Solving the accountability problem is especially difficult due to tension with respect to users’ free-speech rights. The long-term goal of both private and public sectors should be finding ways of ensuring accountability without the drastic measures that compromise important features of the Net’s current form. The key is avoiding the uninformed and hasty decisions that changed the face of radio forever in the 1920s.

Back to Top

Censorship Power

There are also concerns by privacy and free-speech advocates about government regulation of content. Government regulation—heavily contested by a coalition of public and private organizations—is not necessarily the biggest threat to free speech. Of equal concern is the amount of censoring power in the hands of private entities, thanks to such technologies as the Platform for Internet Content Selection, that allow the labeling and filtering of Web content [8]. With content censorship in the hands of the private sector and increasingly hidden from public scrutiny, free speech is becoming as vulnerable as it would be under direct government regulation.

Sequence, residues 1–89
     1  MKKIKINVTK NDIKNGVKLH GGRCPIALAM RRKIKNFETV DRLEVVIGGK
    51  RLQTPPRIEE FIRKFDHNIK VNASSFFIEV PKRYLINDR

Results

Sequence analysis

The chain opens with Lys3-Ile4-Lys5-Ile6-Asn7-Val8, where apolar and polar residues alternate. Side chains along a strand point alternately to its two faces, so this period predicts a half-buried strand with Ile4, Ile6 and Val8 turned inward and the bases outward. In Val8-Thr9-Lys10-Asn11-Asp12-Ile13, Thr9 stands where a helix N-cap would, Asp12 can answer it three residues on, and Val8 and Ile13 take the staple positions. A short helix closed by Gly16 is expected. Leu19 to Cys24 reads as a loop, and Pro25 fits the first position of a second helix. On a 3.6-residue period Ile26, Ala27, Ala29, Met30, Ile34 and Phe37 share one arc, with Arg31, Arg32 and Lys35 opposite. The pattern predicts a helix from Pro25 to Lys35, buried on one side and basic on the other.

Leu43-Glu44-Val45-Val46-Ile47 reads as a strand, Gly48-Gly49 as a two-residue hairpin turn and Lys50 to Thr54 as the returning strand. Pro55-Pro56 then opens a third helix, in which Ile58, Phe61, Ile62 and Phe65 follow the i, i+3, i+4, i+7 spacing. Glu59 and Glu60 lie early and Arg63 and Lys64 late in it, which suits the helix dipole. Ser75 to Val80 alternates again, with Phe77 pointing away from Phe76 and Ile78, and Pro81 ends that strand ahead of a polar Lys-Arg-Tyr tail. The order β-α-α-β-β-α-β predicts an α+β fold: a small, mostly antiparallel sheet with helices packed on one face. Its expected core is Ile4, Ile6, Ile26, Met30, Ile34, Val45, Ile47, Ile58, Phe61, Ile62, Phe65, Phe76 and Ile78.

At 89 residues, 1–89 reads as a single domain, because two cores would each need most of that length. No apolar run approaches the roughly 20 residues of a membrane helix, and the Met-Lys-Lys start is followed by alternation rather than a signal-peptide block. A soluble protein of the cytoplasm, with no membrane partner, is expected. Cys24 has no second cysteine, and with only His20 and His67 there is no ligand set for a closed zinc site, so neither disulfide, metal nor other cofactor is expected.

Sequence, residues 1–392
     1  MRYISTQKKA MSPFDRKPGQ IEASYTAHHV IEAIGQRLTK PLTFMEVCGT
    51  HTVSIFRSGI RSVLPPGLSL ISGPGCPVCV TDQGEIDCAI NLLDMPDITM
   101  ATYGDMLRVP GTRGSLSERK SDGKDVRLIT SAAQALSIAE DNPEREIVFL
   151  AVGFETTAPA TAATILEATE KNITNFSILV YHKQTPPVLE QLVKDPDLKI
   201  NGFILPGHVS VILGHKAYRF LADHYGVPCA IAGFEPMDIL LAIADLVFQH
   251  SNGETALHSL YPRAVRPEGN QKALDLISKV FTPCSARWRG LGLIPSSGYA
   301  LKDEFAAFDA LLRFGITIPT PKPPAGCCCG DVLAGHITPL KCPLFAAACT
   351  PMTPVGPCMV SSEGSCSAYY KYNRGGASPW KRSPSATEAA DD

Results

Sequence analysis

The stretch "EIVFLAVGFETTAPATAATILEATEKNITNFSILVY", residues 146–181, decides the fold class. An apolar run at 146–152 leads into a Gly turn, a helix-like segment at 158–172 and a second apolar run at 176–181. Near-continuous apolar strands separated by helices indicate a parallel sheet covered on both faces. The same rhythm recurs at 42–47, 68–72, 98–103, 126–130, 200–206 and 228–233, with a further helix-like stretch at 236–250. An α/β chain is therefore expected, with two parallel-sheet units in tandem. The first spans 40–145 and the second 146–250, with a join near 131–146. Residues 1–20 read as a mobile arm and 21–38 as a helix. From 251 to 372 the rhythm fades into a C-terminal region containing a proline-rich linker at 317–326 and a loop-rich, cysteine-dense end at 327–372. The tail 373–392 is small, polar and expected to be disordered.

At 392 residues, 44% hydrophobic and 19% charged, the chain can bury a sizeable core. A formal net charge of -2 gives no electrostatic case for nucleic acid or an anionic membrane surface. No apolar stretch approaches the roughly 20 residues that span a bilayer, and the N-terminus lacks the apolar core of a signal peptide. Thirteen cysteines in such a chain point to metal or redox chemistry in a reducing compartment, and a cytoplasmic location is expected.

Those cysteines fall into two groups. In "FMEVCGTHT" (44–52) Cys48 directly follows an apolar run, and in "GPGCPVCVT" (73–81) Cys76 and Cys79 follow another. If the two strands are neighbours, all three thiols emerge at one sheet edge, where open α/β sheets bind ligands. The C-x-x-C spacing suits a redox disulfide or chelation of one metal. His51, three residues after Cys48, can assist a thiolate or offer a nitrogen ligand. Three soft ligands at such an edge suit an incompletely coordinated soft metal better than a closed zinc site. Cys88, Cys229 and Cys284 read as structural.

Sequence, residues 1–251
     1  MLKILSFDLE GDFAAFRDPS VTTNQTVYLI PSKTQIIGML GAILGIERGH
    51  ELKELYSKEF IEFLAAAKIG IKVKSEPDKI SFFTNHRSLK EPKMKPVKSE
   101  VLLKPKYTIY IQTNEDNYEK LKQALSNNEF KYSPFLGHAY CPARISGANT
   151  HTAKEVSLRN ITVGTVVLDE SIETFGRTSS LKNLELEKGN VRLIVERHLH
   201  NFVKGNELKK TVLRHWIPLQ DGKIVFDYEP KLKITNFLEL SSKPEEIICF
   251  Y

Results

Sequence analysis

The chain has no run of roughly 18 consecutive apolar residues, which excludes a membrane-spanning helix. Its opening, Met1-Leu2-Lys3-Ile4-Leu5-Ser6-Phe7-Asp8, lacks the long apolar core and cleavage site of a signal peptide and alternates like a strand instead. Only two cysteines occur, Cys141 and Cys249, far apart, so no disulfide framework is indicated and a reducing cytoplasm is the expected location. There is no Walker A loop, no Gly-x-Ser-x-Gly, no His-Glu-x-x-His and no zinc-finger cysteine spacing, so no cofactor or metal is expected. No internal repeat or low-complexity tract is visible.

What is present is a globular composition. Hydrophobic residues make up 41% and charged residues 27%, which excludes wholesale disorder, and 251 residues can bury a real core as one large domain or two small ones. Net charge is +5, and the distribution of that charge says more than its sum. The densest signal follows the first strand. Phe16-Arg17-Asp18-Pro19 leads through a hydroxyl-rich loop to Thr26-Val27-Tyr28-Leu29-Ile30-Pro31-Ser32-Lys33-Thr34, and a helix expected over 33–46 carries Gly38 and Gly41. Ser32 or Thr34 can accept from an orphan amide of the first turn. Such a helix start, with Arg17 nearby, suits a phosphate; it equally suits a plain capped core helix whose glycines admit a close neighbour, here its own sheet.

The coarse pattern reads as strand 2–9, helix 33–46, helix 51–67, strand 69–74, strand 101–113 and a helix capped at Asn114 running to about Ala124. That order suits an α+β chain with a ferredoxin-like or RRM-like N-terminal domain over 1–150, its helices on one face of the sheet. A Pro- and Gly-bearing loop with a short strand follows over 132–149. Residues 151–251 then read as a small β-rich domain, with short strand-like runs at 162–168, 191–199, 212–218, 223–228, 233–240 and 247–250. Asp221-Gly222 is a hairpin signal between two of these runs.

One could argue that opaque private-sector censorship is even worse in some ways, because most people do not recognize when restrictions are being imposed on them. Brock Meeks, chief Washington correspondent for MSNBC, pointed out in the September 1998 Communications that big media companies are increasingly taking part in the ownership and creation of online news and portal sites [9]. Big media companies are tied to powerful advertisers whose primary concern is reaching consumers. If advertisers decide they do not want to support certain topics, these topics simply disappear from the contents of Web publications. As more and more people depend on portal sites—supported by advertising—for guiding their Web experience, more and more of them will be cut off from information through the market’s own censorship mechanisms. The fact that American Express has considered cutting service ties to pornography sites exemplifies this mechanism [2].